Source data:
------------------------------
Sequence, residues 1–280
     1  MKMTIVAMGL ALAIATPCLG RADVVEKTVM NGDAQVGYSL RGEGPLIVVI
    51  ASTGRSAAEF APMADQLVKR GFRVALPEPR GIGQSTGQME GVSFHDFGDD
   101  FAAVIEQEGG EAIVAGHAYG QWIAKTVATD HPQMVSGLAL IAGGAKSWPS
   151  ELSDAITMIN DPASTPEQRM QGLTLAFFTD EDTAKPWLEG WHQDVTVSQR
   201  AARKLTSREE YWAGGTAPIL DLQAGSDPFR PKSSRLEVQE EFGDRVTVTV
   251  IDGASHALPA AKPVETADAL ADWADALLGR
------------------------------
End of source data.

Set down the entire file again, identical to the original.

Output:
Sequence, residues 1–280
     1  MKMTIVAMGL ALAIATPCLG RADVVEKTVM NGDAQVGYSL RGEGPLIVVI
    51  ASTGRSAAEF APMADQLVKR GFRVALPEPR GIGQSTGQME GVSFHDFGDD
   101  FAAVIEQEGG EAIVAGHAYG QWIAKTVATD HPQMVSGLAL IAGGAKSWPS
   151  ELSDAITMIN DPASTPEQRM QGLTLAFFTD EDTAKPWLEG WHQDVTVSQR
   201  AARKLTSREE YWAGGTAPIL DLQAGSDPFR PKSSRLEVQE EFGDRVTVTV
   251  IDGASHALPA AKPVETADAL ADWADALLGR